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Slape v. Haase

United States District Court, N.D. California

January 6, 2020

DARRELL SLAPE, Petitioner,
BOBBY HAASE, Warden, Respondent.


          EDWARD J. DA VILA United States District Judge.

         Petitioner filed a pro se petition for a writ of habeas corpus under 28 U.S.C. § 2254 challenging his state conviction. The Court found the petition (Docket No. 1, "Petition"), stated cognizable claims which merited an answer from Respondent. (Docket No. 12.) Respondent filed an answer on the merits. (Docket No. 18, "Answer.") Petitioner filed a Traverse. (Docket No. 21, "Traverse.")

         For the reasons set forth below, the Petition for a Writ of Habeas Corpus is DENIED.

         I. BACKGROUND

         In May 2012, Petitioner was found guilty by a jury in Humboldt County Superior Court ("trial court") of having committed sexual penetration by a foreign object, sexual battery by fraud, and misdemeanor battery, against multiple women. (See Pet. at 1.) On September 14, 2012, Petitioner was sentenced to seven years in prison. (See Ans. at 1; Ans. Ex. A at 839.[1]) After less than three and one-half years in prison, Petitioner was released on February 20, 2016. (See Pet. at 2.) Petitioner filed the instant Petition while "at home on parole." (Id.)

         On July 30, 2014, the California Court of Appeal ("state appellate court") affirmed the judgment in a reasoned opinion. (Ans., Ex. E; see also People v. Slape, No. A136669, 2014 WL 3735360, at *1 (Cal.Ct.App. July 30, 2014).) Petitioner did not pursue his appeal to the California Supreme Court. (See Ans. at 1.)

         Petitioner filed a petition for a writ of habeas corpus in Humboldt County Superior Court. (See Ans., Ex. G.) The petition was denied in a reasoned opinion. (See id.)

         Petitioner filed a petition for a writ of habeas corpus in the California Court of Appeal for the First Appellate District. The petition was summarily denied.

         Petitioner filed a petition for a writ of habeas corpus in the California Supreme Court. (See Ans., Ex. F.) The petition was summarily denied. (See id.)

         On September 21, 2016, while on parole, [2] Petitioner filed the instant Petition. (See Pet.)


         The following facts are taken from the opinion of the state appellate court on direct appeal:

Defendant committed his crimes against two victims, Jane Doe One and Jane Doe Two, while giving them massages at his business. [FN 2]
[FN 2: In his briefing on appeal, defendant almost entirely ignores the facts underlying his convictions, instead limiting his "Statement of Facts" to an explanation of his massage therapy practice, a discussion of his hearing difficulties, a discussion of the testimony that his proposed expert witnesses would have provided, and a summary of the procedural history of the case. While recital of the facts of this case can be discomfiting, these facts are necessary to an understanding of the issues defendant raises on appeal, particularly his challenge to the exclusion of expert evidence on "referred sensation." We remind defendant's counsel of his obligation to set forth the significant facts in appellant's opening brief. (Cal. Rules of Court, rule 8.204(a)(2)(C).)]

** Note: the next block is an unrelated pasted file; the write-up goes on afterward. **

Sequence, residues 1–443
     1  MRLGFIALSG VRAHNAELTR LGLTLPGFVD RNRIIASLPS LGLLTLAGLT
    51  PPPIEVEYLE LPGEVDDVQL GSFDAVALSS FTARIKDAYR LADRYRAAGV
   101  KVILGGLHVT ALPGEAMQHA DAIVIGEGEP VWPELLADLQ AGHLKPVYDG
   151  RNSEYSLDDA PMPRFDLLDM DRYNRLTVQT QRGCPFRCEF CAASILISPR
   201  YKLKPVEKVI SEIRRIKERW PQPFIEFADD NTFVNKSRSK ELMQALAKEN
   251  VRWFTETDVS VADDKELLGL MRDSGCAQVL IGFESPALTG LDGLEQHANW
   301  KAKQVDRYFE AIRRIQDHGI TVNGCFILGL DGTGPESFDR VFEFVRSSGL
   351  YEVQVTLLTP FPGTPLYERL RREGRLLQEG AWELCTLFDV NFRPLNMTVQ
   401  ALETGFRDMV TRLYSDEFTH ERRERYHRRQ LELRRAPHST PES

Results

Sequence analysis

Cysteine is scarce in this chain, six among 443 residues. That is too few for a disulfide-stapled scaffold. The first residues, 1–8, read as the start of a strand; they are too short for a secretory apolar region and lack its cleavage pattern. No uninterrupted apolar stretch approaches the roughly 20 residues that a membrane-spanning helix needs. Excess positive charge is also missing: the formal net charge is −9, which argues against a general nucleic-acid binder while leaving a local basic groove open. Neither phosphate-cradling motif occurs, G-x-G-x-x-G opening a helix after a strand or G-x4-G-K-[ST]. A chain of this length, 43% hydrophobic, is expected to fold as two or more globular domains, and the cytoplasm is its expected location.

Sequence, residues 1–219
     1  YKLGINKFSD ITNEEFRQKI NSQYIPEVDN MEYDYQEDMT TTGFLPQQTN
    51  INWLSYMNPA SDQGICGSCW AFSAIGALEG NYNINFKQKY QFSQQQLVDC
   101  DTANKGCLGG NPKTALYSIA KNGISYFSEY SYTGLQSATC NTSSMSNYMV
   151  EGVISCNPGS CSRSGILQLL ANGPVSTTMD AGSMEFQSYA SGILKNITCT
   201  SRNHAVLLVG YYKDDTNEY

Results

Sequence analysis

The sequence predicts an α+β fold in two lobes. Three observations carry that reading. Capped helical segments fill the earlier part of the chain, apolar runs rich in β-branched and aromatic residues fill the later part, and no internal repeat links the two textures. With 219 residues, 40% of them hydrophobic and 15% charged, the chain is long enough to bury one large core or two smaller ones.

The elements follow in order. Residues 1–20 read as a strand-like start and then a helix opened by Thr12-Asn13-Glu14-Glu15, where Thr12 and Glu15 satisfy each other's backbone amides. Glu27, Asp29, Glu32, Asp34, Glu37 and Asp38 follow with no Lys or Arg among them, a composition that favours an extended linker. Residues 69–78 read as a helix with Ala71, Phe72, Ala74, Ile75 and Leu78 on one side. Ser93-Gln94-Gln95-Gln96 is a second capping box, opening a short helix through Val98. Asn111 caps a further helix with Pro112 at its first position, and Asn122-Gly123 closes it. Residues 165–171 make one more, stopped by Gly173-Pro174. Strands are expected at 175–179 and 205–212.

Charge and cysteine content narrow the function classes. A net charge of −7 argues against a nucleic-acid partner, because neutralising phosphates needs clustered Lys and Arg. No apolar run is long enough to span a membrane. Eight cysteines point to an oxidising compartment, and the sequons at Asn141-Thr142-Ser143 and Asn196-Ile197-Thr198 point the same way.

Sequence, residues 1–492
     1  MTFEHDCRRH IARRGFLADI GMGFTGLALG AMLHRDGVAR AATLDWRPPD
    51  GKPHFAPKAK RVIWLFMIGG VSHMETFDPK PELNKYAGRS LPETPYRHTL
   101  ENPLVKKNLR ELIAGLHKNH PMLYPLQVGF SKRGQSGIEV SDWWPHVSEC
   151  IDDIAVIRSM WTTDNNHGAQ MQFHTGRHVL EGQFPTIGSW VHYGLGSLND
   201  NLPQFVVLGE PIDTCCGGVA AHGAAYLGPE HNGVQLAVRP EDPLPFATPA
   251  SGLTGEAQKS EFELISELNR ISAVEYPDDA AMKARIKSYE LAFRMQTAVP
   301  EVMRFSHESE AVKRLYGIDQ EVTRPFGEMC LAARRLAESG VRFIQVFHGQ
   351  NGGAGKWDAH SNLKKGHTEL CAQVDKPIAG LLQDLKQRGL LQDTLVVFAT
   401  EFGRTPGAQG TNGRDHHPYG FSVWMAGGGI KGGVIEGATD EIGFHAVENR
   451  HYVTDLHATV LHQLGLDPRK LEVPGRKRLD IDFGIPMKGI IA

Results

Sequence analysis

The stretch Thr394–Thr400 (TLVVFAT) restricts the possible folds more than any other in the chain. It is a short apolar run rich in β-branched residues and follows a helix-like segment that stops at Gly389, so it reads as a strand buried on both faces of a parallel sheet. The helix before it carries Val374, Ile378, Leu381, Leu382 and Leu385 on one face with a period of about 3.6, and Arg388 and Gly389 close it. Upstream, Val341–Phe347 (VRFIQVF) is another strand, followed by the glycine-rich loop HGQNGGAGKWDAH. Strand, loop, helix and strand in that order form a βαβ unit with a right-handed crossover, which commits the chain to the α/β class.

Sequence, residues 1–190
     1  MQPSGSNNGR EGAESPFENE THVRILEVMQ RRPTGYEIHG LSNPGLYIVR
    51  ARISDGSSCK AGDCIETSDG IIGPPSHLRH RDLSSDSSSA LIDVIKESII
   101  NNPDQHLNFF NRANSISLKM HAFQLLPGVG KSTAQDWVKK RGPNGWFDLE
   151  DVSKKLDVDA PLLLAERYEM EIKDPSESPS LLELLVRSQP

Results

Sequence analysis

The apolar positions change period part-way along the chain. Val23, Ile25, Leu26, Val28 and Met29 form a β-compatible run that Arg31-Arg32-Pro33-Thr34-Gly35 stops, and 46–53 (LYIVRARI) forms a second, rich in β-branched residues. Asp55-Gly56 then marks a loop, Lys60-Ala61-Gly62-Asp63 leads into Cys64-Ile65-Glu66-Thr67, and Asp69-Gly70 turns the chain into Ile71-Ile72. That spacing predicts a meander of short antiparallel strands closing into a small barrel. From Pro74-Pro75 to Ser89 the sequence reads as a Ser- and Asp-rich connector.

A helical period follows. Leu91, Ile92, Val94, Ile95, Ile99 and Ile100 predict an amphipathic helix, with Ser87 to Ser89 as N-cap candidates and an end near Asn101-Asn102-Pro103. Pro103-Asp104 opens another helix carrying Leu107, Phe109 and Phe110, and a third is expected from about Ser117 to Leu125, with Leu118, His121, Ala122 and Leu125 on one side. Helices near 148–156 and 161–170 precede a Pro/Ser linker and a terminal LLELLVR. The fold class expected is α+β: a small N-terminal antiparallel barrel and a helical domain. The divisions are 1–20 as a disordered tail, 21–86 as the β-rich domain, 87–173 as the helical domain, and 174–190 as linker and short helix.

Doe One had injured her psoas muscle, [FN 3] which caused her pain from her lower back down to her thigh, and in 2007 was referred to Back in Action (or Healthy Life Alternatives), a business owned by defendant. During her first appointment, defendant told her he would give her a massage, and directed her to undress. He massaged the inside of her upper thighs as she lay on her back, and his hand brushed against her genitals a couple of times. He suddenly put his fingers inside her vagina, directly onto the area that was painful, and she was immediately in pain. A female physical therapist had performed internal massage of the knots inside Doe One's vagina in the past, but she had not given defendant permission to do so.
[FN 3: The psoas is "a large flexor muscle of the hip-joint which arises from the lumbar vertebrae and sacrum and is inserted along with the iliac into the lesser trochanter of the femur." (12 Oxford English Diet. (2d ed. 1989) p. 755.).]
Defendant told Doe One to lie on her stomach and told her to lift her hips off the table. He again inserted his fingers into her vagina, causing her to have an orgasm. He told her to lie on her back again, asked her if he could massage her breasts, and did so. After the massage, Doe One tried to behave normally. She wrote a check to pay for the massage, made more appointments, and left. She was upset afterward, discussed the matter with her husband and pastor, and reported the incident to the police.
Doe One had taken lorazepam (Adavan) that morning, and an Ambien tablet the previous night. The lorazepam relieved stress, but she did not otherwise feel its effects. She had not noticed any adverse effects from the Ambien, which helped her sleep. She had been prescribed, and occasionally took, other medications for migraines (Maxalt and Soma) and Percocet, but did not recall taking them before the incident. She also took Cortef, which she said was a hydrocortisone in tablet form, and which she said caused no side effects other than weight gain. Defendant presented evidence that some of the medications Doe One took acted as central nervous depressants and could affect memory.